VOLENTI NON FIT INJURIA – by Shubhangi Singh @lexcliq

An action of tort by the plaintiff may fail in two cases-

  1. if the plaintiff fails to prove the essential ingredients of a tort. 
  2. if the defendant justifies his tort on the basis of principles which nullifies tortious liability.

Volenti non fit injuria

If a person suffers a harm voluntarily then it does not constitute a legal injury and is not actionable. The maxim volenti non fit injuria signifies this meaning. A man cannot make an excuse for an injury which he has received in fulfilment of his desire or willingly accepted to take the risk. If the person has consented either expressly or impliedly then he can’t sue for a tort. Volenti non fit injuria can also be translated as ‘the injury voluntarily suffered is not fit for action’. So, no breach of legal right can be said to be committed against the person who is a willing party or who has given his consent for the harm/injury to be received in consequence of the furtherance of his act. Such injury is not actionable

There are basic points which constitute the maxim volenti non fit injuria which the defendant requires to prove for justifying his tort. They are:

  1. Knowledge of Risk  At first instance, the plaintiff should have the knowledge about the nature of act/work and the risk involved in performing the act. If, he lacks the knowledge about the nature of work and quantum of risk what it will be when the work is performed; it will be presumed that he had no knowledge of the risk. The knowledge of the plaintiff is significant here and if it is missing, the defence of volenti non fit injuria cannot be availed by the defendant.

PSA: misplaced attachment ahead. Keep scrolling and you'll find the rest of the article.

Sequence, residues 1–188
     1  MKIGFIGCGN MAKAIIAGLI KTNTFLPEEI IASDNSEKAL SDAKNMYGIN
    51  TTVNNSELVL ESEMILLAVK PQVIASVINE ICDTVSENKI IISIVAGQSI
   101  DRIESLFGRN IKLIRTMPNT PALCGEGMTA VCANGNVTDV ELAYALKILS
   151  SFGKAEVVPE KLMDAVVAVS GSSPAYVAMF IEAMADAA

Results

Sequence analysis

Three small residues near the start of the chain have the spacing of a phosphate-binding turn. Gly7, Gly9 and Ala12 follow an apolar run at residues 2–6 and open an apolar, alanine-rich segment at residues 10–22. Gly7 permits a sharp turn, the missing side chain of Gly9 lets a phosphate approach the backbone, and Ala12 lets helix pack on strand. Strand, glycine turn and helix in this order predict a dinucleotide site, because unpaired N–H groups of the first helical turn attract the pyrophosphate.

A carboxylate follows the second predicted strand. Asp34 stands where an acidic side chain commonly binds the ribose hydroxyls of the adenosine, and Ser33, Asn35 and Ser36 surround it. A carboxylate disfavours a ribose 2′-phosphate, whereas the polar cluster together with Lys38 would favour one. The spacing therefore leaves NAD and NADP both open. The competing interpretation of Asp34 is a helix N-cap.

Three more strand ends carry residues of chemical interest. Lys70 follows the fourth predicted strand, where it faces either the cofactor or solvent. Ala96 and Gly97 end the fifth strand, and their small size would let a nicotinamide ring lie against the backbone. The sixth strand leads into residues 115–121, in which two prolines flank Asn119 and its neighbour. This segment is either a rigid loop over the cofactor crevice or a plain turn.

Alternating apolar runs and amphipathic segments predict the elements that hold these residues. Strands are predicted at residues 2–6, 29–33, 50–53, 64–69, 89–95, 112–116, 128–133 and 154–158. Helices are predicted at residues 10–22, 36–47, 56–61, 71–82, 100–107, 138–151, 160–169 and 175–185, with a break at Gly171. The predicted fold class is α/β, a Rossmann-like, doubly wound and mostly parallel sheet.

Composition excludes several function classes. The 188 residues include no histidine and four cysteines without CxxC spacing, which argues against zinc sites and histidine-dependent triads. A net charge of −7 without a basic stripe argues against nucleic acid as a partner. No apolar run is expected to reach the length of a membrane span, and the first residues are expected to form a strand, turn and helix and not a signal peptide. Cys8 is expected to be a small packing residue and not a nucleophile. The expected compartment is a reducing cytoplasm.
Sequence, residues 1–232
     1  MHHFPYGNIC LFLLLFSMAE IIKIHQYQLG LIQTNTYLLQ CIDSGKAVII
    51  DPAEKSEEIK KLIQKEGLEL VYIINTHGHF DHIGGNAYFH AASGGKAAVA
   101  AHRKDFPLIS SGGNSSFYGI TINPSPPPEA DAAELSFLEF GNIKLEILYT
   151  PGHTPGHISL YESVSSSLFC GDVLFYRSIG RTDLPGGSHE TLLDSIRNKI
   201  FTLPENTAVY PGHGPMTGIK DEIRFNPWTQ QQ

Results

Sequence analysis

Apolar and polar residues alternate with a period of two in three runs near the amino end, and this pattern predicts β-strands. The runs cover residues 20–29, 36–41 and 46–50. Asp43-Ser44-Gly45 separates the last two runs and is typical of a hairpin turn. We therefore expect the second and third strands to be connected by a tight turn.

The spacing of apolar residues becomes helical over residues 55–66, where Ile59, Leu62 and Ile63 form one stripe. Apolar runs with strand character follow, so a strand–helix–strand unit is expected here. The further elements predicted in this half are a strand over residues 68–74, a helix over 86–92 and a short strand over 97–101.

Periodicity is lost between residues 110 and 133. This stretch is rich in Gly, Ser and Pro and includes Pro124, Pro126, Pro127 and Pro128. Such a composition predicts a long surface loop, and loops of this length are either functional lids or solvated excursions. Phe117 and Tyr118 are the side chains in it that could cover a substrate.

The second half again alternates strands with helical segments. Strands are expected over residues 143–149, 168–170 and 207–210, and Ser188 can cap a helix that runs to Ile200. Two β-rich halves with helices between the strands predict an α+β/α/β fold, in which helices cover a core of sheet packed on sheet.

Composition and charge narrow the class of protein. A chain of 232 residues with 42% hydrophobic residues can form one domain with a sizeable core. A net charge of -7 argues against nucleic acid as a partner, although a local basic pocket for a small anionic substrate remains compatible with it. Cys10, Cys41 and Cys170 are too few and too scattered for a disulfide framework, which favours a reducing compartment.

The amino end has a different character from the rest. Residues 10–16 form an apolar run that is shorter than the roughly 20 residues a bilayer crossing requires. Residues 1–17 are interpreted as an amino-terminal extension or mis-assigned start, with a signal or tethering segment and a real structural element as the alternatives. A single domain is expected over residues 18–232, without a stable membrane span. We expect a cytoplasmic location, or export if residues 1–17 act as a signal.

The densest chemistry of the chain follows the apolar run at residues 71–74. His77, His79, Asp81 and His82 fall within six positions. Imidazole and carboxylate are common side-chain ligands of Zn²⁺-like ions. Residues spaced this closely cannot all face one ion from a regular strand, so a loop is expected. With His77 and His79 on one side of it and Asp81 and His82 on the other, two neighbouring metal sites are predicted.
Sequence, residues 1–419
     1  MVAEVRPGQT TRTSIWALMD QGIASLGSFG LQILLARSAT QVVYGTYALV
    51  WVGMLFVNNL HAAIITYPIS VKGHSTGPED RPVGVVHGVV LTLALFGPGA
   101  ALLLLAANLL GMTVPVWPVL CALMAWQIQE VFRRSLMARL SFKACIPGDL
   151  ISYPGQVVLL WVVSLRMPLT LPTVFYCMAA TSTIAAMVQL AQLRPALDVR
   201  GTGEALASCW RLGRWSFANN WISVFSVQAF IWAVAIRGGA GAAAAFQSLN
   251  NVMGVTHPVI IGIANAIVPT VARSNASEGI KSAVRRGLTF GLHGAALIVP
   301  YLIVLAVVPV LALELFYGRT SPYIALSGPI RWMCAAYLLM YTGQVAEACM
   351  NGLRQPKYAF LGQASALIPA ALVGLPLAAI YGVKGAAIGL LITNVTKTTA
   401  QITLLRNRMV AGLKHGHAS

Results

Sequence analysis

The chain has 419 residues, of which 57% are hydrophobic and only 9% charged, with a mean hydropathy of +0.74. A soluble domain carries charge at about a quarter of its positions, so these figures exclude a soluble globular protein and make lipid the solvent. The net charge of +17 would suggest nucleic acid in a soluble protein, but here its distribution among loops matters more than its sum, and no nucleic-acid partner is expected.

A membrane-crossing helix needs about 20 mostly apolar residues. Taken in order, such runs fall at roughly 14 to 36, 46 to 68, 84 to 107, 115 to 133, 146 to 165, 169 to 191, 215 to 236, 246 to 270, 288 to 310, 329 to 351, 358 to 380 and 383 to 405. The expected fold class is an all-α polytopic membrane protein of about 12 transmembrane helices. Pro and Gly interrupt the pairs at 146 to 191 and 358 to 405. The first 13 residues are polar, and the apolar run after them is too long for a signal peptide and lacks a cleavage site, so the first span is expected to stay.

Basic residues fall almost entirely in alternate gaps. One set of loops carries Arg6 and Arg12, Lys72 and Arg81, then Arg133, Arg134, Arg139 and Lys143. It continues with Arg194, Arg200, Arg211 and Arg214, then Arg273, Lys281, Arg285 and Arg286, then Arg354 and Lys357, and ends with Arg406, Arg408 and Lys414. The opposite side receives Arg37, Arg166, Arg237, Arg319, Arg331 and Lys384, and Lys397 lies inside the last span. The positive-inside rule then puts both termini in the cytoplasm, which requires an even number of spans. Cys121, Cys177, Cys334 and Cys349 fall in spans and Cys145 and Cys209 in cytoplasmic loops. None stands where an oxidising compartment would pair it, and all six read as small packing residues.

2. Free Consent – free consent to run the risk is also necessary for the plaintiff. The consent must be voluntarily and with free will. Consent given by the plaintiff under coercion or force, fraud and mistake can’t be treated as free consent.
  3. Consent of Minors or Insane Persons – Consent given by minors or insane persons are generally not taken as consent since both are considered immature as far as knowledge is concerned and in such cases, consent by their guardians are taken as sufficient. 
  4. Breach of Statutory Duty – a number of duties are being imposed on the employer. When there is a breach of statutory duty by the employer, he is liable even when the employee has given the consent. Hence, consent to a breach of statutory duty is not acknowledged. Now, it has become a well-established rule that the defence of volenti non fit injuria is not applicable to an action where there is a breach of statutory duty otherwise known as statutory negligence. The hypothetical example can be – it is a statutory duty of a Construction Company to provide its labourers with all the basic equipments to guard themselves from injury. But, if the company does not provide these basic equipments, and labourers are fine with it, then tomorrow if any labourer would get injured than the company can’t take defence of Violent non fit injuria as it was their statutory duty to give the safety equipment.

APPLICATION OF THE MAXIM- 

A man cannot complain of harm to which he has already given his consent with full knowledge and free will. It also applies to the intentional act which would be otherwise tortious. Some cases are discussed as below:-

Ilott v. Wilkes, (1820)

In this case, the defendant had kept spring guns in a wood on his ground to protect the game. The plaintiff had full knowledge about placement of spring guns trespassed on the defendant’s land and got injured. The plaintiff brought a suit against the defendant that he had exceeded the right of private defence. It was the observation of the court that although defendant was exceeded his right of private defence he was not liable since the plaintiff had taken the risk of trespassing even after knowing that the spring gun was placed on defendant’s land. The court observed that he having wilfully courted the danger himself his case fell within the maxim volenti non fit injuria.

Bird v. Halbrook,(1828)

In this case, the defendant had placed a spring gun in the garden since flowers from his garden used to be stolen more often. One day, a pea-hen belonging to the plaintiff entered into defendant’s garden. The plaintiff to catch his fowl got alighted the wall of the garden unaware of the spring gun placed there. The plaintiff got injured and the defendant was sued. The court gave the verdict in favour of plaintiff since he had no knowledge about the gun and the maxim volenti non fit injuria was not applicable here.

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